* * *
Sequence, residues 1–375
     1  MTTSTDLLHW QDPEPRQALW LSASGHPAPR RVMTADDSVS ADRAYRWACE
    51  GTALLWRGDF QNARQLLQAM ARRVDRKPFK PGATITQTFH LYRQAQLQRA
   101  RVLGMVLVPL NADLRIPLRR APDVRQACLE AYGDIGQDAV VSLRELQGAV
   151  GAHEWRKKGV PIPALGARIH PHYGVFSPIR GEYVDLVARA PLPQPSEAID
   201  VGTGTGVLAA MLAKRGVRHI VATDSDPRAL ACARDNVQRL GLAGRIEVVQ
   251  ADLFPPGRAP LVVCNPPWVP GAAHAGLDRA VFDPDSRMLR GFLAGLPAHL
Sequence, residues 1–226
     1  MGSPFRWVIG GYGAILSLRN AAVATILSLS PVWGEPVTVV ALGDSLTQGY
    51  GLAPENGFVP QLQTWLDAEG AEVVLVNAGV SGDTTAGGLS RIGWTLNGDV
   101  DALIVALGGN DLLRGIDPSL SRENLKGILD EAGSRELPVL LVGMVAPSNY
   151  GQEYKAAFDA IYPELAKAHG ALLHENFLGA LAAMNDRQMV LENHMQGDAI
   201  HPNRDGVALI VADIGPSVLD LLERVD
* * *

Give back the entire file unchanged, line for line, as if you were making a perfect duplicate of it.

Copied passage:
Sequence, residues 1–375
     1  MTTSTDLLHW QDPEPRQALW LSASGHPAPR RVMTADDSVS ADRAYRWACE
    51  GTALLWRGDF QNARQLLQAM ARRVDRKPFK PGATITQTFH LYRQAQLQRA
   101  RVLGMVLVPL NADLRIPLRR APDVRQACLE AYGDIGQDAV VSLRELQGAV
   151  GAHEWRKKGV PIPALGARIH PHYGVFSPIR GEYVDLVARA PLPQPSEAID
   201  VGTGTGVLAA MLAKRGVRHI VATDSDPRAL ACARDNVQRL GLAGRIEVVQ
   251  ADLFPPGRAP LVVCNPPWVP GAAHAGLDRA VFDPDSRMLR GFLAGLPAHL
Sequence, residues 1–226
     1  MGSPFRWVIG GYGAILSLRN AAVATILSLS PVWGEPVTVV ALGDSLTQGY
    51  GLAPENGFVP QLQTWLDAEG AEVVLVNAGV SGDTTAGGLS RIGWTLNGDV
   101  DALIVALGGN DLLRGIDPSL SRENLKGILD EAGSRELPVL LVGMVAPSNY
   151  GQEYKAAFDA IYPELAKAHG ALLHENFLGA LAAMNDRQMV LENHMQGDAI
   201  HPNRDGVALI VADIGPSVLD LLERVD